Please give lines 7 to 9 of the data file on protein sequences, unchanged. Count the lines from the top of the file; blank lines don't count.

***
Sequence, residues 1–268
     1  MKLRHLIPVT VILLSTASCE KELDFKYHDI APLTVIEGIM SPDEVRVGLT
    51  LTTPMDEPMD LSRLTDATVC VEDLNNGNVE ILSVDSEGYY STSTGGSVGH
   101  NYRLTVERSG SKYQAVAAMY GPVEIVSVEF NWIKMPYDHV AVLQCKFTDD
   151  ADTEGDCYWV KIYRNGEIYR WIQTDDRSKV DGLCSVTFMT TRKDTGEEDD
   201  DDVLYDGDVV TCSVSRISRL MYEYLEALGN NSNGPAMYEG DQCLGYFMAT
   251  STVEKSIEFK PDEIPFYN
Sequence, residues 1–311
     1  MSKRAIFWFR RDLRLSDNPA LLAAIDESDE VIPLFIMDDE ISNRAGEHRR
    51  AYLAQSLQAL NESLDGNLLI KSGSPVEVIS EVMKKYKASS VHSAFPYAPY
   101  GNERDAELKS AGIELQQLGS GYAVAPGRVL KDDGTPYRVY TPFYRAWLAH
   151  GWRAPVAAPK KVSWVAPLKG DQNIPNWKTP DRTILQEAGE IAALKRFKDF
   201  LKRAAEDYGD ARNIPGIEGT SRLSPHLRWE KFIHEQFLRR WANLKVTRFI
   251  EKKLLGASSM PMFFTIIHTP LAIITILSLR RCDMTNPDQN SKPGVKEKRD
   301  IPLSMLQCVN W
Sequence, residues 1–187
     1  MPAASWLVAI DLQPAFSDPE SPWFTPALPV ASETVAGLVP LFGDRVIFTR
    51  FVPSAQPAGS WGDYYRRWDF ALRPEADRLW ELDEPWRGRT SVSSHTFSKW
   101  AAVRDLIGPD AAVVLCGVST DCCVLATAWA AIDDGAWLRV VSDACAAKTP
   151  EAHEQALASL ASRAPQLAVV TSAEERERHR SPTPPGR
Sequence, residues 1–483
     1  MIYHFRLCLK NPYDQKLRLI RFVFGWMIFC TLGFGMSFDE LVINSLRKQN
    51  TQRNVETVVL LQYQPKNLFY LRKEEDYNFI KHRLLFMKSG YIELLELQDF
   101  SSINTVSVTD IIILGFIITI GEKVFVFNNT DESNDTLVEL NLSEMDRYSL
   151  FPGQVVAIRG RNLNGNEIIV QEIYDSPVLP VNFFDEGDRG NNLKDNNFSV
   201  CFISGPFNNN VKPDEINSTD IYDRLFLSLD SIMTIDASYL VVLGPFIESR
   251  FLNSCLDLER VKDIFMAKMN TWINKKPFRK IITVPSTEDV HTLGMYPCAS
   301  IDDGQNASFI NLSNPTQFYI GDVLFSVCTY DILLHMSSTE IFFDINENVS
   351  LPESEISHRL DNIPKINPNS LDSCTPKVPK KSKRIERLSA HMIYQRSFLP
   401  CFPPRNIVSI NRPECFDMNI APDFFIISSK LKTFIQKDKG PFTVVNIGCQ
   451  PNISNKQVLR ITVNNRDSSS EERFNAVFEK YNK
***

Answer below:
   251  STVEKSIEFK PDEIPFYN
Sequence, residues 1–311
     1  MSKRAIFWFR RDLRLSDNPA LLAAIDESDE VIPLFIMDDE ISNRAGEHRR